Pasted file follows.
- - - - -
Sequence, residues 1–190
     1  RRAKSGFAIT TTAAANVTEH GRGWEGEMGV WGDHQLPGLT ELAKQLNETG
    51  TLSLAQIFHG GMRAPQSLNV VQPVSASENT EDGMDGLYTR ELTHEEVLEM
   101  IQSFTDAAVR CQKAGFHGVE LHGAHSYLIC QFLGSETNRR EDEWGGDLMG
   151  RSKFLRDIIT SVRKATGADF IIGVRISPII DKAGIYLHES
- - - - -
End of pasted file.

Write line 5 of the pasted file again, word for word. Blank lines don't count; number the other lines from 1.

   151  RSKFLRDIIT SVRKATGADF IIGVRISPII DKAGIYLHES